Some of the text is given in the rite, and some is left to the composition of the bishop or his delegate:
133. The celebrant briefly explains the significance of the enrollment that has just taken place. Then, turning to the candidates, he says the following or similar words:
N. and N., I now declare you to be members of the elect, to be initiated into the sacred mysteries at the next Easter Vigil.
Thanks be to God
God is always faithful to those he calls: now it is your duty, as it is ours, both to be faithful to him in return and to strive courageously to reach the fullness of truth, which your election opens up before you.
Then the celebrant turns to the godparents and instructs them in the following or similar words.
Godparents, you have spoken in favor of these catechumens: accept them now as chosen in the Lord and continue to sustain them through your loving care and example, until they come to share in the sacraments of God’s life.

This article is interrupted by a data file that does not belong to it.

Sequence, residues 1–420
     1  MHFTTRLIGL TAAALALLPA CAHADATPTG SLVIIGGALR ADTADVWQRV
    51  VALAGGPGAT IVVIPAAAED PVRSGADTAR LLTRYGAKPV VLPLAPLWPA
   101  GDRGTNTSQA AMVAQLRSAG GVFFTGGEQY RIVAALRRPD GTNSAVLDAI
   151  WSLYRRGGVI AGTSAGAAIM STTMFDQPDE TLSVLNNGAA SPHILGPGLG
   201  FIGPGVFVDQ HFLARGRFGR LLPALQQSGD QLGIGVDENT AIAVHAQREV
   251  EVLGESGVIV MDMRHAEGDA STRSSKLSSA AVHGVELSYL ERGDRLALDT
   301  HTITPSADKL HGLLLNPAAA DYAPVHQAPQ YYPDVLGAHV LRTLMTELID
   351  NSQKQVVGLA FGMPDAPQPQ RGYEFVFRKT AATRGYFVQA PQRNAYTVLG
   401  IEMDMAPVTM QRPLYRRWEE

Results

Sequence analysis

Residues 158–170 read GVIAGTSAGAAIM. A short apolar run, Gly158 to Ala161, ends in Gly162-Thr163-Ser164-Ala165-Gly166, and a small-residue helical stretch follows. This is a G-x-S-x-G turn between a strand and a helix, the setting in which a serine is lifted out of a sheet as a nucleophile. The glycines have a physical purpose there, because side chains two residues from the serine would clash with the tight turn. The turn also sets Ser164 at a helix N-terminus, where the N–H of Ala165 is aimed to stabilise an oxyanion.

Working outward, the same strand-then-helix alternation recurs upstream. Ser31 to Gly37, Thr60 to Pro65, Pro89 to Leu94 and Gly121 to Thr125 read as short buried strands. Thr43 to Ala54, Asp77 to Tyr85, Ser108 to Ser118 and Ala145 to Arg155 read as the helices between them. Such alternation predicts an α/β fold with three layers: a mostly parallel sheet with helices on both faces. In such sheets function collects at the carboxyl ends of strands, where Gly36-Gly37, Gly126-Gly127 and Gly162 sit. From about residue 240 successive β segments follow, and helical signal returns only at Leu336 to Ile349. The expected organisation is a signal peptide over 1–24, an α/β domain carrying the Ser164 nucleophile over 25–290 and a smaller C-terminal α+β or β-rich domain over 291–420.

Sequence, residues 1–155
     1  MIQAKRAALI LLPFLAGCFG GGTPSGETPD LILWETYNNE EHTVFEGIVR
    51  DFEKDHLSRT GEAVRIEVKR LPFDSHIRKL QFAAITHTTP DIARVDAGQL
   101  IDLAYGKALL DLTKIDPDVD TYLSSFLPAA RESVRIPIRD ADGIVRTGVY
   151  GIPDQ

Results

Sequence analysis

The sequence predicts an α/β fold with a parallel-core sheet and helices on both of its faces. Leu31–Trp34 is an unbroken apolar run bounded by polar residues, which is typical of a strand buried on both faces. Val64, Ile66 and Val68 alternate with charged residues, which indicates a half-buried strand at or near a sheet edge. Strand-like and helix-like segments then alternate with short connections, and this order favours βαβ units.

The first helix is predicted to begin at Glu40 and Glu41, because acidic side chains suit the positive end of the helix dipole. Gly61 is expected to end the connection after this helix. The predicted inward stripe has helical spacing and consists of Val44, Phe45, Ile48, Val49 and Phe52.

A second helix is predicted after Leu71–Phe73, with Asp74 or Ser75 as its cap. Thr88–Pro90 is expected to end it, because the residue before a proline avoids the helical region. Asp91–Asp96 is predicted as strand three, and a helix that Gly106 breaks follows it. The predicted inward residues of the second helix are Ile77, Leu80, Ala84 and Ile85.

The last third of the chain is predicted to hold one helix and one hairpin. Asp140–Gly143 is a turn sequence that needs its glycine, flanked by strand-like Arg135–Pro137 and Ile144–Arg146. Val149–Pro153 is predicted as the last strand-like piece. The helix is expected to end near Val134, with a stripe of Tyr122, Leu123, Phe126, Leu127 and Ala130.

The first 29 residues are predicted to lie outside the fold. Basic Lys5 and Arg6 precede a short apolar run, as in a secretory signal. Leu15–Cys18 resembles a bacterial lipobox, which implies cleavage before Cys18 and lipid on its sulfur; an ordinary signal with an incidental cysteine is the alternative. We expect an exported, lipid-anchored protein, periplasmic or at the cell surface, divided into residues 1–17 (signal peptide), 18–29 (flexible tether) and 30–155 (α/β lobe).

He invites them to place their hand on the shoulder of the candidate whom they are receiving into their care, or to make some other gesture to indicate the same intent.
A few awkward spots here. Explaining the significance of the enrollment might be better offered in a post-rite reflection or “debriefing.” A skilled presider might be able to do this succinctly in the rite. In my experience, the bishop has skipped this piece. While the instructions to the elect and godparents here are to-the-point, the directive of placing the hand on the shoulder seems a little late. A point could be made about adopting the gesture throughout the rite. Indeed, in parish celebrations, it is common to see it.